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"There's so much I want to know about eleven year old China Miéville"

EmbassytownOn 1 June, I attended an event, hosted by WORD Brooklyn, for China Miéville's latest novel, Embassytown. The catch when talking about events - or anything, really - is if you are wildly enthusiastic, people assume you're not thinking critically, that you're just reacting as a fangirl. But really, this was one of the best author events I've ever been to.

(And while I love Miéville's writing, I'm not as much of a fangirl as the person who whooped at his mention of the Bas-Lag trilogy, prompting Miéville's remark: "A whoop for Bas-Lag in a punk club. I have now reached my apotheosis of cool.")

And yes, the event was in a bar - Public Assembly - and not in a bookstore. This was, I thought, a great idea. Doors opened an hour before the event began, allowing people to mingle, and partake in the Kraken-themed drink special. The location lent itself to the crowd being informal and interactive. 

The event opened with Miéville reading a brief passage from Embassytown, "fully seventy percent of which" he promised, would make sense by the end of the book. The next section of the evening was a question and answer session hosted by Lev Grossman. Writers, if you ever have the chance to have Grossman host your Q&A session, take it. A writer and critic himself, he's a smart reader, has a knack for the sort of questions that elicit interesting answers, and was able to mix questions about philosophy with the one from which I took the title of this post. After that, questions were taken from the floor. If I were a better reporter, I would have recorded the sessions, but I'll share some of the highlights: some of the recent SF Miéville has been reading is Alastair Reynolds, he also loves Jane Eyre, there is going to be a Bas-Lag RPG, upon which he is consulting, he isn't on twitter because he can't imagine people would care about his muffin (and, more seriously, because he doesn't feel an author should be the definitive source of information on his work), and his D&D character was a ranger, chaotic good.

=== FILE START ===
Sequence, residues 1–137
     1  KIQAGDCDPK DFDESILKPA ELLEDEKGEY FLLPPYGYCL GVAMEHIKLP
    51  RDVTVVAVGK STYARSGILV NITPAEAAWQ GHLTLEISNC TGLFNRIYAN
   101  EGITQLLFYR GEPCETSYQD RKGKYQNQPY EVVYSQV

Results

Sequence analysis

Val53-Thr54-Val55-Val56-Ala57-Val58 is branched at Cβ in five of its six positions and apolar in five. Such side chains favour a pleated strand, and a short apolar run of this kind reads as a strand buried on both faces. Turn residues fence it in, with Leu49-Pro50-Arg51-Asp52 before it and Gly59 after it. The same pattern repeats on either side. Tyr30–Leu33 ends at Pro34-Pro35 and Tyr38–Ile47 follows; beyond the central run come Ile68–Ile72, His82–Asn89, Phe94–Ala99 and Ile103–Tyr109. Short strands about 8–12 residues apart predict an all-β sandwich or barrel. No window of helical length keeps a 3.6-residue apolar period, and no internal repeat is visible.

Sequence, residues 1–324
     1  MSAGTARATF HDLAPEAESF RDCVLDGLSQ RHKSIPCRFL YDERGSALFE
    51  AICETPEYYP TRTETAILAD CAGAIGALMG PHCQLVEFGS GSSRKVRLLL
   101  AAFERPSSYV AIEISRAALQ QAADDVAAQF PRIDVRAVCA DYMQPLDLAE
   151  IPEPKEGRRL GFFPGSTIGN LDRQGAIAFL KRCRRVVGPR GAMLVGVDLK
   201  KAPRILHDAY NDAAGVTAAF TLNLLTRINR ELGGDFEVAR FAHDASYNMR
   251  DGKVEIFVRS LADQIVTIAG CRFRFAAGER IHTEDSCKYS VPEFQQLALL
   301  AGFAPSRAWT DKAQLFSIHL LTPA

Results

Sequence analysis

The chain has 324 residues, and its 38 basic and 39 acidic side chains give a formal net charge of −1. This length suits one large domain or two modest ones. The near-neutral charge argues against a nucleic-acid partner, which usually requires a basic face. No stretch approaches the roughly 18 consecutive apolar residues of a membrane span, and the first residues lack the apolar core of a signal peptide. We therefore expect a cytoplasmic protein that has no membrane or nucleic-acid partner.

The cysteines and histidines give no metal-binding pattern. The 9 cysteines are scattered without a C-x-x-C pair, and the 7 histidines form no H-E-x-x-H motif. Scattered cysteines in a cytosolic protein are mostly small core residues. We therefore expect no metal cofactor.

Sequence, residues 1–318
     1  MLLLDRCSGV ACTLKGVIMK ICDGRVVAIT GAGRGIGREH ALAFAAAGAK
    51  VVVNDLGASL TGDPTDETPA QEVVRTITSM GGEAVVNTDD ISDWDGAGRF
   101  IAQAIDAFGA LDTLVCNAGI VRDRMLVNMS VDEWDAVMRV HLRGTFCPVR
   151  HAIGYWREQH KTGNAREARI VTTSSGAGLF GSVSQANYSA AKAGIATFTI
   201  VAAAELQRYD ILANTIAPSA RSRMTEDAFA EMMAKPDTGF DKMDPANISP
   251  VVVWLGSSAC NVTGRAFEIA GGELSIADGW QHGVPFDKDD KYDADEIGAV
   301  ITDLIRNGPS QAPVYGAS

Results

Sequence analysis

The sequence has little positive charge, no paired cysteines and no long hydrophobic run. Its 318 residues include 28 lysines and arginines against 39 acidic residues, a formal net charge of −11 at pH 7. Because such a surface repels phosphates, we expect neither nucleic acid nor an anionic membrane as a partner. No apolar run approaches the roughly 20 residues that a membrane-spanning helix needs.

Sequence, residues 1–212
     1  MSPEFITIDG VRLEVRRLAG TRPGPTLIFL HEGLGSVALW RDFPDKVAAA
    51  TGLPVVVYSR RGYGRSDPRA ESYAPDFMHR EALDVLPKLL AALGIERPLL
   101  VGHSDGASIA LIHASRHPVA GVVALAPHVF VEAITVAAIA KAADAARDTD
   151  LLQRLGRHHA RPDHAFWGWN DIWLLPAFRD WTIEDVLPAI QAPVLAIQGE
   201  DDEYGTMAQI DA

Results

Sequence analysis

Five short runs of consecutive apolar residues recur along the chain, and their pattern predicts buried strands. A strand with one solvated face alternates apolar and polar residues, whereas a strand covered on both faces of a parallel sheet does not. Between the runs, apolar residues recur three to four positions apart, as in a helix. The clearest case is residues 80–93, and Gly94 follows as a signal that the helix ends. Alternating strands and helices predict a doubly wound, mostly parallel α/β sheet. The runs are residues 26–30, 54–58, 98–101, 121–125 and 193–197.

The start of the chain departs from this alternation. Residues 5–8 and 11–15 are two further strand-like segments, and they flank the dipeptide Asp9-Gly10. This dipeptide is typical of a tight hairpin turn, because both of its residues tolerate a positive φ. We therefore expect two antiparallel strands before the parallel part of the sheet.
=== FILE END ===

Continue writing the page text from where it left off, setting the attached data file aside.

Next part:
Miéville is as smart as you would imagine from his writing, and interacted incredibly well with the fans. He's interested in a wide variety of things, and has a gift for conveying that enthusiasm. If you get a chance to attend a reading of his, I highly recommend it.